Losing their stubborn will to life, the last fuschia blossoms wilt and wither, turning into tight fists the color of ferocious bruises. I know the feeling.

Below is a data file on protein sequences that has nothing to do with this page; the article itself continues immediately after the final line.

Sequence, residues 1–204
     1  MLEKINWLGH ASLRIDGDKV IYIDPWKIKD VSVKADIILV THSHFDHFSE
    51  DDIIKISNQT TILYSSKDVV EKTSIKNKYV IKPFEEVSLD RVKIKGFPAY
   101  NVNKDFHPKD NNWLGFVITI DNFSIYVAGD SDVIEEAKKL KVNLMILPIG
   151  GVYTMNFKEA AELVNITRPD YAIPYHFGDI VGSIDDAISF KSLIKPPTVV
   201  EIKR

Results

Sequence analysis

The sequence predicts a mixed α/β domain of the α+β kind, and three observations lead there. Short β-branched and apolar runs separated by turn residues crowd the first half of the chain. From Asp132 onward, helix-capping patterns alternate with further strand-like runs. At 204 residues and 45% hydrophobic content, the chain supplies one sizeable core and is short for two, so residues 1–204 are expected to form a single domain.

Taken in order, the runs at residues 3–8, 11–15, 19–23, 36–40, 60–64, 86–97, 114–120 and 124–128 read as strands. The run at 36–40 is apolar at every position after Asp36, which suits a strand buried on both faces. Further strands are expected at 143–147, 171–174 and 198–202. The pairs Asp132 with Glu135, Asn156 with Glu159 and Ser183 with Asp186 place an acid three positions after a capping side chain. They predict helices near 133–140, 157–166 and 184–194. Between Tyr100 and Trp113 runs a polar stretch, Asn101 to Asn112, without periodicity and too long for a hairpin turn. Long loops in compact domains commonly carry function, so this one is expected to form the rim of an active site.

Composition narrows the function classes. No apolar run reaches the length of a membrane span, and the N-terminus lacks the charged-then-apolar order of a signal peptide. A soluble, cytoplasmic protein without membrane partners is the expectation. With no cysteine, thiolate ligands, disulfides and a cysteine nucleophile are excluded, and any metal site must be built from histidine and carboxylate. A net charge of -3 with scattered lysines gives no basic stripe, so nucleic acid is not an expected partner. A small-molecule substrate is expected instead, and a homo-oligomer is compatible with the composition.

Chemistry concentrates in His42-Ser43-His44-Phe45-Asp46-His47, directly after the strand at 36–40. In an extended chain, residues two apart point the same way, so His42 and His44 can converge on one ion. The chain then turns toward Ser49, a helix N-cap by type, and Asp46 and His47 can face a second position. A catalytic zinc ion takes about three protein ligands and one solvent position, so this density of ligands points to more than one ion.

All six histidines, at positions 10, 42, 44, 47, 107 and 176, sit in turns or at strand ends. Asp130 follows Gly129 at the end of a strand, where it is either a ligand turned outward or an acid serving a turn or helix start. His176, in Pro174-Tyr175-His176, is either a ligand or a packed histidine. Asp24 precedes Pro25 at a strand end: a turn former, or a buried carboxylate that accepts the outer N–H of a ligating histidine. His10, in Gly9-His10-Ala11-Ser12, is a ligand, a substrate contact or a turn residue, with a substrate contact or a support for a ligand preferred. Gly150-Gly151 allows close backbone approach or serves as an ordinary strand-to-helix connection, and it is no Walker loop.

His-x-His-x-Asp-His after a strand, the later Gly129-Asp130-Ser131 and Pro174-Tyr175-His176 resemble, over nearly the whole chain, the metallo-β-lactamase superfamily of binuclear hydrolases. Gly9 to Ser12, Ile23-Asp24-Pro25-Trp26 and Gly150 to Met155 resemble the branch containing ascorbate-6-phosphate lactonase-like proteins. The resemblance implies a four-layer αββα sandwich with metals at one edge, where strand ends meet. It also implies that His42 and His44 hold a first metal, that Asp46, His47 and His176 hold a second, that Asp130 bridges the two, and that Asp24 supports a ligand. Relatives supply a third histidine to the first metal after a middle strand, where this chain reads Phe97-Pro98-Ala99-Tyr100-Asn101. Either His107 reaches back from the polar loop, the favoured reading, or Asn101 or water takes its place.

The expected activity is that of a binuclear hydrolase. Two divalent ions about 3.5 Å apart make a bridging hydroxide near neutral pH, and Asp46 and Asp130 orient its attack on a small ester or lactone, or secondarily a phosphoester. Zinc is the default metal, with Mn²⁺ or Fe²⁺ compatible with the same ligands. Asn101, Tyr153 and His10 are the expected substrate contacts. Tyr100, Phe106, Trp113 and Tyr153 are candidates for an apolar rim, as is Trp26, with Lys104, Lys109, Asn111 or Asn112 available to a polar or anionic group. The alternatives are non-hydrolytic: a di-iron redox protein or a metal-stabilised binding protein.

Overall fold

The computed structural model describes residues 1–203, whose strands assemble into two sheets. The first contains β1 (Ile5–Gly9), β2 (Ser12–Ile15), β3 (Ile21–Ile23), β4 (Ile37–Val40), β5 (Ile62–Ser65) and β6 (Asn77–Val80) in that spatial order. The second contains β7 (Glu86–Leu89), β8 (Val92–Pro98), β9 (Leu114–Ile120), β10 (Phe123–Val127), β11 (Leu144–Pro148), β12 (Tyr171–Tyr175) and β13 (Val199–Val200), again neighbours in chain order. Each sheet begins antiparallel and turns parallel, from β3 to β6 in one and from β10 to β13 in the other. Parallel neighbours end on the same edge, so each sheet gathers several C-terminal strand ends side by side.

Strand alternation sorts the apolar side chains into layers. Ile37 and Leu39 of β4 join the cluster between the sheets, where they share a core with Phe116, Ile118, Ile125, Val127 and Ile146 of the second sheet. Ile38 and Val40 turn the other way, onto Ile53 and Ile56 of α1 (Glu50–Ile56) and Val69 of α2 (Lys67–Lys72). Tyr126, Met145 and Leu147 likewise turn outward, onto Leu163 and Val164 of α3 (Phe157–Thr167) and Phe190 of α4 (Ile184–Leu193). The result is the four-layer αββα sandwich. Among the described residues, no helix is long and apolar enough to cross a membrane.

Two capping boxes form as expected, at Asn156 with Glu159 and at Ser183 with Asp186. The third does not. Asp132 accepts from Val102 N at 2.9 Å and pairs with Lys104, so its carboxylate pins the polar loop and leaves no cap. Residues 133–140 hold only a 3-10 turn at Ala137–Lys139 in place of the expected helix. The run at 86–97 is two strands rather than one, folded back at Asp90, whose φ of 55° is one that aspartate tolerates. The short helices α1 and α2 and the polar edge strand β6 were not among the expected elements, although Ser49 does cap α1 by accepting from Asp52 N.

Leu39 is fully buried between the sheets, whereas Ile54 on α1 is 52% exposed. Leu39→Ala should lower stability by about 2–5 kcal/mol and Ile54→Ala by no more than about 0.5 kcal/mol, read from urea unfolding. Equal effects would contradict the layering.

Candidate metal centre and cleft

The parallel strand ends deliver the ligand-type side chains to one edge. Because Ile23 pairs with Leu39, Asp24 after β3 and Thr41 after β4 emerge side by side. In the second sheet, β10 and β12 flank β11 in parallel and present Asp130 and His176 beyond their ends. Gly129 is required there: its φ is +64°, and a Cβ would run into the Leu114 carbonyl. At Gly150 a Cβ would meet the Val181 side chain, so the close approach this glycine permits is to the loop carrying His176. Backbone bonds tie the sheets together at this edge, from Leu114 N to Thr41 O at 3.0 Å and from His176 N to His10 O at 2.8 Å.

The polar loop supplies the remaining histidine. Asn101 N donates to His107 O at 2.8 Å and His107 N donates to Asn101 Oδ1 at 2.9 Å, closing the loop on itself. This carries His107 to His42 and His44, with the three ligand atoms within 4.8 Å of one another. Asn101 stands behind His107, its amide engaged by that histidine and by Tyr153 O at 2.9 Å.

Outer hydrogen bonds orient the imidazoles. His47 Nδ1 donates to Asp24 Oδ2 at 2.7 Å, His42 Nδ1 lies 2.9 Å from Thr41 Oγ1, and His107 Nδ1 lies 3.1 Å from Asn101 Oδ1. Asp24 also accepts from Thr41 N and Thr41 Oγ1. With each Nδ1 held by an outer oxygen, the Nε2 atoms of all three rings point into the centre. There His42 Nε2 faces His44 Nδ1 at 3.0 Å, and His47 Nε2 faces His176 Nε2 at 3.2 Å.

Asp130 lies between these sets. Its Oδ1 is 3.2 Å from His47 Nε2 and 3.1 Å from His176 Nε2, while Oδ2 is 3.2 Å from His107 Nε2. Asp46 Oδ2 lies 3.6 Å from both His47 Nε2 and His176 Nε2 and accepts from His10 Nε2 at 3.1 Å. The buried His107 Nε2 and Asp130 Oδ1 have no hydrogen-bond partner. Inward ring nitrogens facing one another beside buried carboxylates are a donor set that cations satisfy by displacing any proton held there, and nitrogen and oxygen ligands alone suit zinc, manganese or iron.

I procrastinate by housecleaning. I clean the house as if it’s the mirror for my self. I sweep all its corners and nooks and under-passages, wherever dust, the afterlife of things, may hide. I dismantle the cobwebs that have accumulated since my birthday party, great clusters that suggest years have passed, rather than only a month. I free tiny corpses caught behind books and drapes: spiders, bees, flies, and weevils, whose curled, dust-draped bodies transform my house into their giant mortuary. With fury I scour each and every surface, as if to knock sorrow loose from its nesting place, and renew my connection to home with my polishing hand.